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Five more states pass marijuana legalization measures: what it means for cannabis stocks

Yahoo Finance’s Seana Smith and Adam Shapiro speak with Noah Hamman, CEO of AdvisorShares, about the implications for marijuana legalization on cannabis stocks.

Video Transcript

ADAM SHAPIRO: We're talking about cannabis, marijuana, use the term you like best, because five states have taken the steps to legalize both medicinal, as well as recreational use of marijuana. So let's talk about where to invest on all of this. And we invite into the stream AdvisorShares CEO Noah Hamman.

Good to have you here, Noah.

NOAH HAMMAN: Thank you, Adam.

ADAM SHAPIRO: And one of the things in the notes that you provided, you said beware the Canadian weed stocks. Why?

NOAH HAMMAN: Because they don't benefit from this, we'll call it a green wave that we saw last night, right, a unanimous across the board for the five states that had measures on the ballot. It's still just state-focused. And so you've got a lot of companies that get the headlines like Aurora, or Canopy, or Cronos, all Canadian companies, they all benefit zero right now from the legalization that you saw in various levels, whether it's adult recreational or medical in those states.

So people look to those stocks because they get a lot of headlines and think, oh, I'm going to buy those. And if you look today, there's a few cannabis ETFs that are just heavily weighted in the Canadian space, and they're down 3%. We have an exchange traded fund with the ticker symbol MSOS that focuses just on the US operators, public companies, and we were up today, only a little bit. It's still going to be a volatile space. But you want to be smart about the stocks that you're investing in relative to what you saw happen last night.

SEANA SMITH: Hey, Noah. It's Seana. When you take a look-- that's interesting, because last hour we were talking about the fact that a lot of these big cannabis stocks that we follow very closely here on Yahoo Finance, they were under pressure, and that's an interesting point as to exactly why that is. When we see more and more states legalizing marijuana, what do you think that's going to do just in terms of overall growth for the industry?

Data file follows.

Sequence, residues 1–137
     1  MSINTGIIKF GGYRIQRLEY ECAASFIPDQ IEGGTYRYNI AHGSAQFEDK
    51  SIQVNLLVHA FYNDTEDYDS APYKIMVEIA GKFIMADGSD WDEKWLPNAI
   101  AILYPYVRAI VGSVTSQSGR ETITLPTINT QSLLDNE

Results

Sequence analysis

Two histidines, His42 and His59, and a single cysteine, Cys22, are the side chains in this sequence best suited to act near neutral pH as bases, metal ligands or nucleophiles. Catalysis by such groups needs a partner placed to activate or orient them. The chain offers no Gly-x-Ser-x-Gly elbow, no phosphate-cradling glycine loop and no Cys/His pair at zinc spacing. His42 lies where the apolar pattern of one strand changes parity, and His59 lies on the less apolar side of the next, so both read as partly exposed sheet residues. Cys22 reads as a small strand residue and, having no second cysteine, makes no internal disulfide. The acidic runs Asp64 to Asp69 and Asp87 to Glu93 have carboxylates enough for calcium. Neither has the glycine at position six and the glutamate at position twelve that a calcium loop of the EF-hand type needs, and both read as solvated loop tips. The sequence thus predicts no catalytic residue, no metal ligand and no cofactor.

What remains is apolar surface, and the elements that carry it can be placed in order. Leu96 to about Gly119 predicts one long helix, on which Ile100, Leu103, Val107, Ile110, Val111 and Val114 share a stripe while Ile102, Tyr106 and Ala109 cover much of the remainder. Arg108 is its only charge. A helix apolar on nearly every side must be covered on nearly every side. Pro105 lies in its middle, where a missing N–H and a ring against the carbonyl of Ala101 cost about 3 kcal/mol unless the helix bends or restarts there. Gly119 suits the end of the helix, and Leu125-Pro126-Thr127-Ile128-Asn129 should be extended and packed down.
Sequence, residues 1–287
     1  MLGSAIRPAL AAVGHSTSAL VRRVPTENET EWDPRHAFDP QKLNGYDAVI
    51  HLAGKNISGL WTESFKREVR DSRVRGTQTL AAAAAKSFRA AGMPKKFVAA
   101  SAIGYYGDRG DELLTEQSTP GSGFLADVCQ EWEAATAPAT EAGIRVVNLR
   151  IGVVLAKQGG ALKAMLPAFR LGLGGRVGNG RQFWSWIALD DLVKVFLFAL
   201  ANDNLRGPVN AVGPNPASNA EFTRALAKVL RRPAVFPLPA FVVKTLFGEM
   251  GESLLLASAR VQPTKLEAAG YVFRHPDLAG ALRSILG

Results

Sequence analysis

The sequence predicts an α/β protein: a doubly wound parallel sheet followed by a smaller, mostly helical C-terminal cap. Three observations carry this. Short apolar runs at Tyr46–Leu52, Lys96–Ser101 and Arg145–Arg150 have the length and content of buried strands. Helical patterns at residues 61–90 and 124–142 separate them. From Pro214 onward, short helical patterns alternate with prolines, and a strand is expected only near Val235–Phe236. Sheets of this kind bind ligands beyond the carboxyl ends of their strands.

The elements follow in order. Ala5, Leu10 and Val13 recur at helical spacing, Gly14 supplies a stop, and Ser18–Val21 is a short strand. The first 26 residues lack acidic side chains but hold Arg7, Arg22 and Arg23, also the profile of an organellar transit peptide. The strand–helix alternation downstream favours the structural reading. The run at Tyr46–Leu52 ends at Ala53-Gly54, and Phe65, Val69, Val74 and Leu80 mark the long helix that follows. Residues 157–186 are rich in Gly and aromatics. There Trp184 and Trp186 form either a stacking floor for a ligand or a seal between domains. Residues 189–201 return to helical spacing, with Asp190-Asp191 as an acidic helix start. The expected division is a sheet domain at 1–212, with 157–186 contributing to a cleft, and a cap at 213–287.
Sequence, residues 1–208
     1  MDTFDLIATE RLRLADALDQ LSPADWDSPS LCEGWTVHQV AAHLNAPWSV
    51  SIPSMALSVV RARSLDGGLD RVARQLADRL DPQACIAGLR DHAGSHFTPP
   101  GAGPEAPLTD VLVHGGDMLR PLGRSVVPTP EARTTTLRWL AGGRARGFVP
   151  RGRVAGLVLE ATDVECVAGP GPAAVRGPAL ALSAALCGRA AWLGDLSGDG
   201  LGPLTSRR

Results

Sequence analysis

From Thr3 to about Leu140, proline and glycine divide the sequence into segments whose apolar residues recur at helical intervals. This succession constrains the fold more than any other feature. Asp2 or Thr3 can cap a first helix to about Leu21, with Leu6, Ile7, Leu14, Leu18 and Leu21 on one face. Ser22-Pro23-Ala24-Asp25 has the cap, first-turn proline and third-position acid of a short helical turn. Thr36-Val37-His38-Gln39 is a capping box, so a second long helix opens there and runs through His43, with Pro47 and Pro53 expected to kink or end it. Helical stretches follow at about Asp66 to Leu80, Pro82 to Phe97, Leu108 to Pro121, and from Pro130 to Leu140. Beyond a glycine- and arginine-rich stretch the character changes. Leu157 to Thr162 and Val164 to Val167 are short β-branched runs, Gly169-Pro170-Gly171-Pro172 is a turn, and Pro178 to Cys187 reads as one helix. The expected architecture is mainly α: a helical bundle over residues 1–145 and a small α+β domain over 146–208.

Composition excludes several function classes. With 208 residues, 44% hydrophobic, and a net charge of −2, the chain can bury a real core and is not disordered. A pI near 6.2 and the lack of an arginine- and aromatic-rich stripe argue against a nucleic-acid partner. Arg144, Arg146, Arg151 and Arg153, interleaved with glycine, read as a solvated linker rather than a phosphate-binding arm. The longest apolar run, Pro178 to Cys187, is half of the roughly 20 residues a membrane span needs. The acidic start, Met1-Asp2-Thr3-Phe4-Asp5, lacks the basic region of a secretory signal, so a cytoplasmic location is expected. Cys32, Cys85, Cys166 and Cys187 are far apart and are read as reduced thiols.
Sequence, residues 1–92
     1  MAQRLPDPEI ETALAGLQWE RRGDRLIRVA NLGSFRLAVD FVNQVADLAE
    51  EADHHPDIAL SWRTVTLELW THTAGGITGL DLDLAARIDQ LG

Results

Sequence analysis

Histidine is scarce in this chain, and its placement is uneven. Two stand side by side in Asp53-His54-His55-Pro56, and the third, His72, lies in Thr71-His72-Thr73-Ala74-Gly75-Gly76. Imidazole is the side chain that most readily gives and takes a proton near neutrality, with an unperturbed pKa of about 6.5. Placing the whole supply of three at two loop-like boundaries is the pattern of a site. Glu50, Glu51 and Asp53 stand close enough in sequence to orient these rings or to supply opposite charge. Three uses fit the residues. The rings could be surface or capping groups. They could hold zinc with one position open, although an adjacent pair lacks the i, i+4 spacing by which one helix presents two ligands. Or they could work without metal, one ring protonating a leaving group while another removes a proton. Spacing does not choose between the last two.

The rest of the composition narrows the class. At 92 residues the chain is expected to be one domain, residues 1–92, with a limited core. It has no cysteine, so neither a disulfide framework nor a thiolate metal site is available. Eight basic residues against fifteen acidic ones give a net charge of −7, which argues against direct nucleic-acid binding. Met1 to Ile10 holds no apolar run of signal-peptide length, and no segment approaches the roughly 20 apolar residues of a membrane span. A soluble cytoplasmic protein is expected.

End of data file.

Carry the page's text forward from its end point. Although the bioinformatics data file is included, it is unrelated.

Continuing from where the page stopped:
NOAH HAMMAN: I think it's going to make it strong. This year is looking to be up around 40%, probably close to $20 billion in sales. They're projecting double or triple that over the course of the next three years. Think about the states that legalized, Arizona, a big opportunity, New Jersey, huge opportunity.

And then think about the ripple effect. New Jersey now going legal, you've got to imagine New York and Pennsylvania is not going to let that revenue just flow to that state. They're going to probably be coming online soon as well.

ADAM SHAPIRO: I am curious, and I have to disclose that my family is invested in a small cannabis business in California. I have no involvement in it. I just wrote a check years ago. But one of the things I keep hearing from all kinds of people in that industry is that it really isn't going to pop until the federal government allows the banking, makes it simpler. Do you see that on the horizon?

NOAH HAMMAN: I do. I think it's, in part, why the growth, at least we saw in the US multi-state operators today, was a little bit muted, right. It looks like, at least as of now, you still have a Republican-controlled Senate. So the concern is probably nothing's going to happen on legalization, or decriminalization, or even descheduling.

But we think what could happen, and what the Republicans would support, is that Safe Banking Act that already passed the House. So if that happens, and I do think that's incredibly important because these companies need a good solid banking solution, it's just safer for the employees all the way around, I do think that can be passed. And then that's going to be a huge help.

It still blocks out Canada, so you really want to focus on the US multi-state operators, but they're going to be able to have better access to capital, cheaper access to capital. That's going to really help the space. But I think the muted growth you saw in those stocks today was because of where the Senate stands right now, at least as of last night.

SEANA SMITH: Noah, when you take a look at the investors that are interested in these marijuana stocks or interested in your fund, is it more so the retail investor? Or is it the first-time investor? Or the young investor? What are you seeing on that front?

NOAH HAMMAN: Yeah, very much so. It's retail investors. You're starting to see some financial advisors use it, but it depends on their broker-dealer platform as to whether or not something like our ETF or those stocks are available. But yeah, institutions, you know, they still, with federal-- you know, being federally illegal, you know, it makes it very difficult for big institutions to invest in the space. But you're seeing that, slowly but surely, private equity funds, more in the private space, investing in these companies, both private and public.

So I think until those things change, one, the space will be volatile, right. We love the space and think it's a great opportunity over the next decade. It won't be a smooth ride. This is sort of the early internet stages, think about it that way.

The good news is many of these US companies are positive cash flow, right, and generating revenues today. This isn't a startup opportunity. These companies are operating today, and as more states open up, it'll be great. But still, the growth is going to be, you know, not in a straight line.

ADAM SHAPIRO: All right, Noah Hamman, we appreciate your being here, Advisors CEO. Good to have your input on the cannabis industry, and we'll bring you back, especially when we have a new Congress to see if they do pick up the legislation you were just discussing.